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Case 1:19-cr-00018-ABJ Document 346 Filed 02/27/20 Page 1 of 21




. Case Number 19-cr-18
4 Plaintiff, .
5 vs. .
. Washington, D.C.
6 ROGER JASON STONE, JR., . February 25, 2020
. 1:30 p.m.
7 Defendant. .
- - - - - - - - - - - - - - - -


For the Government: JOHN D. CRABB, AUSA
United States Attorney's Office
14 555 Fourth Street Northwest
Washington, D.C. 20530
For the Defendant: ROBERT BUSCHEL, ESQ.
16 Buschel Gibbons, P.A.
100 S.E. Third Avenue
17 Suite 1300
Fort Lauderdale, Florida 33394
Bruce S. Rogow, P.A.
20 100 N.E. Third Avenue
Suite 1000
21 Fort Lauderdale, Florida 33301


299 Broadway
23 Suite 1405
New York, New York 10007

-- continued --
Case 1:19-cr-00018-ABJ Document 346 Filed 02/27/20 Page 2 of 21



StrategySmith, P.A.
3 401 East Las Olas Boulevard
Suite 130-120
4 Fort Lauderdale, Florida 33301

7 Official Court Reporter: SARA A. WICK, RPR, CRR

333 Constitution Avenue Northwest
8 U.S. Courthouse, Room 4704-B
Washington, D.C. 20001
9 202-354-3284

Proceedings recorded by stenotype shorthand.
11 Transcript produced by computer-aided transcription.














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1 P R O C E E D I N G S

2 (Call to order of the court.)

3 THE COURTROOM DEPUTY: Good afternoon, Your Honor,

4 Your Honor. This afternoon, we have Criminal Case Number 19-18,

5 United States of America v. Roger Stone, Jr. The defendant is

6 present and in the courtroom, Your Honor.

7 Will counsel for the parties please approach the lectern

8 and identify yourself for the record.

9 MR. COONEY: Good afternoon, Your Honor. J.P. Cooney,

10 along with my colleague, John Crabb, for the United States.

11 THE COURT: All right. Good afternoon.

12 MR. ROGOW: And for the defendant, Mr. Stone, Bruce

13 Rogow, Tara Campion, Robert Buschel, Seth Ginsberg, and Grant

14 Smith.

15 THE COURT: Okay. Thank you. Good afternoon. I will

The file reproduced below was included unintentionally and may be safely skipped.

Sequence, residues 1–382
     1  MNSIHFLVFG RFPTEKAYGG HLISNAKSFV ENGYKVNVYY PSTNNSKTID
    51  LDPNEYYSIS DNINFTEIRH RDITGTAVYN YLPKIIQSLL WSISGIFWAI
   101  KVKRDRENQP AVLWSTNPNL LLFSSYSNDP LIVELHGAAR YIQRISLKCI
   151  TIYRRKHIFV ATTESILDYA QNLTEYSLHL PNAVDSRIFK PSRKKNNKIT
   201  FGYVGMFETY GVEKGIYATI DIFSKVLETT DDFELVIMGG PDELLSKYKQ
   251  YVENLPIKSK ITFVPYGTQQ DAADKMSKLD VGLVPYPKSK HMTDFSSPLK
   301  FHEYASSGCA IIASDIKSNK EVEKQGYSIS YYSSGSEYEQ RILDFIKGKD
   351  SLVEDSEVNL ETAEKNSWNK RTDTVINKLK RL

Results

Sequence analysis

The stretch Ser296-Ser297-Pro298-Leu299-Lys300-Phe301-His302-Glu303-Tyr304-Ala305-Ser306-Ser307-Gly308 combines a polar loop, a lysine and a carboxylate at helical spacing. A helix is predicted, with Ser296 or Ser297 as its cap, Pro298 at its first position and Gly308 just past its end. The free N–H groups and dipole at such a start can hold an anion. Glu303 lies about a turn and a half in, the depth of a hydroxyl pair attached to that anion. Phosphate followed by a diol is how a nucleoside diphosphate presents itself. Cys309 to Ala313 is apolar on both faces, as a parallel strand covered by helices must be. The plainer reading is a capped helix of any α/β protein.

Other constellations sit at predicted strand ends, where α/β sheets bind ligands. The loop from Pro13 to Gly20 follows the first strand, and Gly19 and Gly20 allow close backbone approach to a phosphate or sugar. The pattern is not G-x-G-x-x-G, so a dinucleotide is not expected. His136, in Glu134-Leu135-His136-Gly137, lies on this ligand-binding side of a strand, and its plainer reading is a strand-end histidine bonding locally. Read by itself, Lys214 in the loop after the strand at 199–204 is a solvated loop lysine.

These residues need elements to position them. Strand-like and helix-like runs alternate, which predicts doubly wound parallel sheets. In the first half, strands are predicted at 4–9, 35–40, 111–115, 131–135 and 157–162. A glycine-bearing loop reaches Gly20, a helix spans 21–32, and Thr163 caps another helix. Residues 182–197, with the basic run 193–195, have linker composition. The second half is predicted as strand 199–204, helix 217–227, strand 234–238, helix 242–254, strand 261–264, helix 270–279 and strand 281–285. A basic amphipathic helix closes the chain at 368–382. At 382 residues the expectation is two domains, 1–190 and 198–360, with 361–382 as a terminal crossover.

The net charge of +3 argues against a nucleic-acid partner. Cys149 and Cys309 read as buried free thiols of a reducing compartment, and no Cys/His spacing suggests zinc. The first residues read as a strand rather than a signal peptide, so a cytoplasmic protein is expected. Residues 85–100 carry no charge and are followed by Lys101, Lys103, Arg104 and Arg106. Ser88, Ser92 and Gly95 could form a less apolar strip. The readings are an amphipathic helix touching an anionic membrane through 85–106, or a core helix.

16 note the defendant is present as well.

17 Who is this gentleman who is trying to enter the well of

18 the courtroom?

19 MR. MISHKIN: Pardon me, Your Honor. I am here on

20 behalf of the Coalition of Press Intervenors seeking access to

21 the 2:00 p.m. hearing. Your Honor received a motion --

22 THE COURT: Yes, I did, and I granted leave to file

23 it. And I am about to rule on the motion to unseal the hearing,

24 and so you will have an opportunity to hear that.

25 MR. MISHKIN: Thank you.

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1 THE COURT: I want to note for the record first that

2 there was some question at the time of sentencing about whether

3 Randy Credico's grand jury testimony was on the docket. It's

4 docket 74. It was supplied to the Court by the defendant,

5 referred to in the defendant's selective prosecution motion,

6 which is docket 73.

7 The next thing I want to take up is what I said I would

8 take up at 1:30 in a public hearing, which is docket 332, the

9 motion to unseal the hearing which is now scheduled to be sealed

10 at 2:00 p.m. I have read the defendant's motion, the

11 government's opposition, which is docket 335, and its

12 supplemental opposition, which is docket 336. There is a sealed

13 exhibit to the government's opposition, docket 335-1, which is a